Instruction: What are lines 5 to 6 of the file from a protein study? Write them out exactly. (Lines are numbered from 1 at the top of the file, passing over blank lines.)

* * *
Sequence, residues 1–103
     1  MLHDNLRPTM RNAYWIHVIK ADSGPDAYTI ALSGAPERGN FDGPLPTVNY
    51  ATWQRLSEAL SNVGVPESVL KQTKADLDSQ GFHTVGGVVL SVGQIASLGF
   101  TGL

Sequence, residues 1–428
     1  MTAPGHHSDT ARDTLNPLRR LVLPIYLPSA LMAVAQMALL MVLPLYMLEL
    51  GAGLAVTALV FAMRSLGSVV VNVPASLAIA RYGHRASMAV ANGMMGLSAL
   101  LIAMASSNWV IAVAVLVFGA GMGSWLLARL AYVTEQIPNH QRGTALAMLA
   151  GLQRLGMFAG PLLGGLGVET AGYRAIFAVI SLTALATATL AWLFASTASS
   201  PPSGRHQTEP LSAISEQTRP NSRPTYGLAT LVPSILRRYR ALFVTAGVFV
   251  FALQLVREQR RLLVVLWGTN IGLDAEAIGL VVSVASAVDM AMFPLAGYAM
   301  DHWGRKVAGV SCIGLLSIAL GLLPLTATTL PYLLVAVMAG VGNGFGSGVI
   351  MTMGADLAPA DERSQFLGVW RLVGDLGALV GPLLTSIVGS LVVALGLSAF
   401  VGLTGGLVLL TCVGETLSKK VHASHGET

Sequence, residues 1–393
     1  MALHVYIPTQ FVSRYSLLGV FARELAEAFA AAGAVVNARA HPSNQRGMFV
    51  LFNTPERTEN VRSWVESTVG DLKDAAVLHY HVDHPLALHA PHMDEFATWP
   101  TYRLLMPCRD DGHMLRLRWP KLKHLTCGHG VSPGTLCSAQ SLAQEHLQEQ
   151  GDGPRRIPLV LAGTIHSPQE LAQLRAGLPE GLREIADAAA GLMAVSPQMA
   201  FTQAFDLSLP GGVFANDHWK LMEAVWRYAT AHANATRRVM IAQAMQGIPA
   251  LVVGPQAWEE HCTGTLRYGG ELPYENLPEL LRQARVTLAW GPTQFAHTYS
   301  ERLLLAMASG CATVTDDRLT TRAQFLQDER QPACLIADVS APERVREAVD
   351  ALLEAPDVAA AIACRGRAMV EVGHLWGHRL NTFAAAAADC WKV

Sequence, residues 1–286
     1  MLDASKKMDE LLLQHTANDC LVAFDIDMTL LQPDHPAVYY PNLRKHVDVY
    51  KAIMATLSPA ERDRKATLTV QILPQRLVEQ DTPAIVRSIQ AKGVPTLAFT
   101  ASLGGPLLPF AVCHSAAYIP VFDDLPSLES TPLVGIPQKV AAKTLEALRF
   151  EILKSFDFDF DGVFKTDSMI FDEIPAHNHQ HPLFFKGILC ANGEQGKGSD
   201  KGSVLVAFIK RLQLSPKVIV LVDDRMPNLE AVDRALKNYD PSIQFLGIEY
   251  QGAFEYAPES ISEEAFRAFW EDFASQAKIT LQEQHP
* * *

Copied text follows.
Sequence, residues 1–428
     1  MTAPGHHSDT ARDTLNPLRR LVLPIYLPSA LMAVAQMALL MVLPLYMLEL